I failed the assessment. There were no questions testing one's knowledge of CFS (or I didn't find them). I can only assume that the grading was based on one's comments at the end of the course. This is where I was asked what I'd learnt and I answered, 'not much'. Elsewhere, I noted the flaws in the theory, alluded to all the research that undermines the approach, and the lack of balance.

I was left with the feeling that the individuals who devised the course did not believe patients with ME, otherwise they might have referred more to exhaustion and acknowledged the consistent reports of adverse effects after GET.

This project was funded by a body that I used to referee for, until I found that there was no quality control and severely flawed studies were getting through. A number of support groups were also involved.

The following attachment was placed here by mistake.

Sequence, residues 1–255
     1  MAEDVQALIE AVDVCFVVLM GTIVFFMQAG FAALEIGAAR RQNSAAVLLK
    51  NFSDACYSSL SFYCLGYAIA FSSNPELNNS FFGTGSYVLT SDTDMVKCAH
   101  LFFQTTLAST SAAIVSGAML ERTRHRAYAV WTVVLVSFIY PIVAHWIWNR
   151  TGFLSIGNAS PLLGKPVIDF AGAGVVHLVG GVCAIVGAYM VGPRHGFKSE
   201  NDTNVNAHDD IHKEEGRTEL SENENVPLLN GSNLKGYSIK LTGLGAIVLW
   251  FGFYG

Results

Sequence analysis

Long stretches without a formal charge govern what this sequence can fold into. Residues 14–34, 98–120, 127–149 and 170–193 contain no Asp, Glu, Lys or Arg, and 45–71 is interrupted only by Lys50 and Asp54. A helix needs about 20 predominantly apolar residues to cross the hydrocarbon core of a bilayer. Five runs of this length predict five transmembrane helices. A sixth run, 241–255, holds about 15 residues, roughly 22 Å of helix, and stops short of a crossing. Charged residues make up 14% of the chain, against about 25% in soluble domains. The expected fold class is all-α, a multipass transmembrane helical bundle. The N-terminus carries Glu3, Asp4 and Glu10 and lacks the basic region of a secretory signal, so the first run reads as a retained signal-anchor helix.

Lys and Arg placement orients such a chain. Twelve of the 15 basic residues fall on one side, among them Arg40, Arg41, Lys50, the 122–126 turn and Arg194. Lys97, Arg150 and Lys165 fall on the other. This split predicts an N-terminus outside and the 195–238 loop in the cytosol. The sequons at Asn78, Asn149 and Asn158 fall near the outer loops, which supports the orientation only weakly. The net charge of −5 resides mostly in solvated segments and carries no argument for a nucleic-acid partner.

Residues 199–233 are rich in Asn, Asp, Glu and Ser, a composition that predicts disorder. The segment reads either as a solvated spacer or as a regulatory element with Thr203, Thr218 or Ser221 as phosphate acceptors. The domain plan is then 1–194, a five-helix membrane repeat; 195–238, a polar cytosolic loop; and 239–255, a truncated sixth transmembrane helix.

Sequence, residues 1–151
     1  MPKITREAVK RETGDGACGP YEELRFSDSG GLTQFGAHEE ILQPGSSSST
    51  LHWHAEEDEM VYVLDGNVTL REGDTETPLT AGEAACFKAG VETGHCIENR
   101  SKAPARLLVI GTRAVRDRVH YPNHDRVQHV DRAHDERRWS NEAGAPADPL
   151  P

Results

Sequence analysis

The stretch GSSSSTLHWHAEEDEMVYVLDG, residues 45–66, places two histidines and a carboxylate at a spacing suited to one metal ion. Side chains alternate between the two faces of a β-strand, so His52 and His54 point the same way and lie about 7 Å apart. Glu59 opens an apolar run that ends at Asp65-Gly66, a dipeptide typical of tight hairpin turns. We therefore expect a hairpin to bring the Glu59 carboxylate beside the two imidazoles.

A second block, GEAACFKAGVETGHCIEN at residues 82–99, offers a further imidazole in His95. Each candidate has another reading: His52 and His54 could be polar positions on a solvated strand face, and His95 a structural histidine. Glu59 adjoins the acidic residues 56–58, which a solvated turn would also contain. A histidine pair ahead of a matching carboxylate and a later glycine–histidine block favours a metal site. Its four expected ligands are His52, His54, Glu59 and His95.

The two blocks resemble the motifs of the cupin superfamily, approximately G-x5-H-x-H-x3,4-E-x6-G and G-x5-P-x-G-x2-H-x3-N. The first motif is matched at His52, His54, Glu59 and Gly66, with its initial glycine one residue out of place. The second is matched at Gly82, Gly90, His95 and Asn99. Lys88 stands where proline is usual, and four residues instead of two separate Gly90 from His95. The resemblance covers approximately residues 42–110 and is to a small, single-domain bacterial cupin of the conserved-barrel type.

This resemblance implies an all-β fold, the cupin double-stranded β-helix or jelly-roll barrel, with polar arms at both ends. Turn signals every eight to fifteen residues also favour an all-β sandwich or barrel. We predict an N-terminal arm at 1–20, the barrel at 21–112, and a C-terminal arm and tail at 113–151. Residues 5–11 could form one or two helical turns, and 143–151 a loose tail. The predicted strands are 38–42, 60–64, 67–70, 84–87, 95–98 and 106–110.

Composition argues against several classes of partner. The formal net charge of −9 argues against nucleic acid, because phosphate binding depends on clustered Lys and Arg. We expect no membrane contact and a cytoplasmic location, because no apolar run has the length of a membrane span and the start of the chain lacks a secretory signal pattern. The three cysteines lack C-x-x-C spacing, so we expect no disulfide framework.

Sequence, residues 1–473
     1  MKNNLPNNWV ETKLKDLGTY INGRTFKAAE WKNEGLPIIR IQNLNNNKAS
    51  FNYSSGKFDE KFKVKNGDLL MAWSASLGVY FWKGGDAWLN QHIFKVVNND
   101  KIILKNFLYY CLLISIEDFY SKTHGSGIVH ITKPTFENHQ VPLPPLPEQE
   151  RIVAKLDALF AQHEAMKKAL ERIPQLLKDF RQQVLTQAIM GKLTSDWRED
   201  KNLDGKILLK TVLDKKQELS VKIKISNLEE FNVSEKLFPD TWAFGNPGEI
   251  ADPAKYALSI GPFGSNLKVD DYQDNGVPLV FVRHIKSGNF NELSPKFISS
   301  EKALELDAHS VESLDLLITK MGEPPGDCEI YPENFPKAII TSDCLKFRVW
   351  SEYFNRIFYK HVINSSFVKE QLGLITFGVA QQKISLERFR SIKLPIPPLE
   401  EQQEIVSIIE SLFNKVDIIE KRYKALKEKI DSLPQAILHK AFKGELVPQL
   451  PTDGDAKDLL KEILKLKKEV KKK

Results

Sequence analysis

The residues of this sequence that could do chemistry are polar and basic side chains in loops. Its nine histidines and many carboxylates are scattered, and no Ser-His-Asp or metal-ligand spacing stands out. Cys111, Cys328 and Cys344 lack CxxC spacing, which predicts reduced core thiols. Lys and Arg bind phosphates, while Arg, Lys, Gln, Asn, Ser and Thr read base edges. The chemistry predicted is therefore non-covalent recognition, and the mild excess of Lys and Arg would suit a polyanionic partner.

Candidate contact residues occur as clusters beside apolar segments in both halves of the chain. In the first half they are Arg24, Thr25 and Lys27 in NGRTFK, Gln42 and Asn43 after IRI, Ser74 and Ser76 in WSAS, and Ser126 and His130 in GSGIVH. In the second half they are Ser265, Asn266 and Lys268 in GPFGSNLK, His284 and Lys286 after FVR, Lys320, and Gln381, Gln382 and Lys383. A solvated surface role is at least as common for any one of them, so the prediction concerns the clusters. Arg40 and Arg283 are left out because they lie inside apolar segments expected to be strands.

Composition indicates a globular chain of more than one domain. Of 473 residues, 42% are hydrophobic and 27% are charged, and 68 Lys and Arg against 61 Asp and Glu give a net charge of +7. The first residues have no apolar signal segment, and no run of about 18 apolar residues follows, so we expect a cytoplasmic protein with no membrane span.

A main cause for the confusion re CFS, ME and ME/CFS in the UK is the assumption, based on an opinion only, that ME is identical to CFS. It crops up at various times during the course. CFS or ME as some call it... Yet there is growing evidence that this is not true. ME occurs in epidemics (CFS is chronic, by definition, so excludes epidemics). Fatigue is not a criteria for the diagnosis of ME (muscle fatiguability after minimal exertion is. The latter can be measured objectively and tests clearly demonstrate the delay in recovery after exertion ends. There is a problem with blood flow to parts of the brain and this is exacerbated after exercise. It's an abnormal finding e.g. on scans). Prof. Jason and his team have begun studying the differences between patients who fulfil the criteria for ME, ME/CFS (Canada) and CFS (CDC). Their results are consistent with my impression and one therefore has to consider that the assumption of equivalence may not be valid.

In my view, this course may misinform many doctors and other health professionals in the UK.

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Ellen M. Goudsmit PhD, C.Psychol. FBPsS

HPC registered practitioner psychologist (PYL15084)
EuroPsy registered psychologist



For information on ME and CFS, see:

http://www.axfordsabode.org.uk/me/me.htm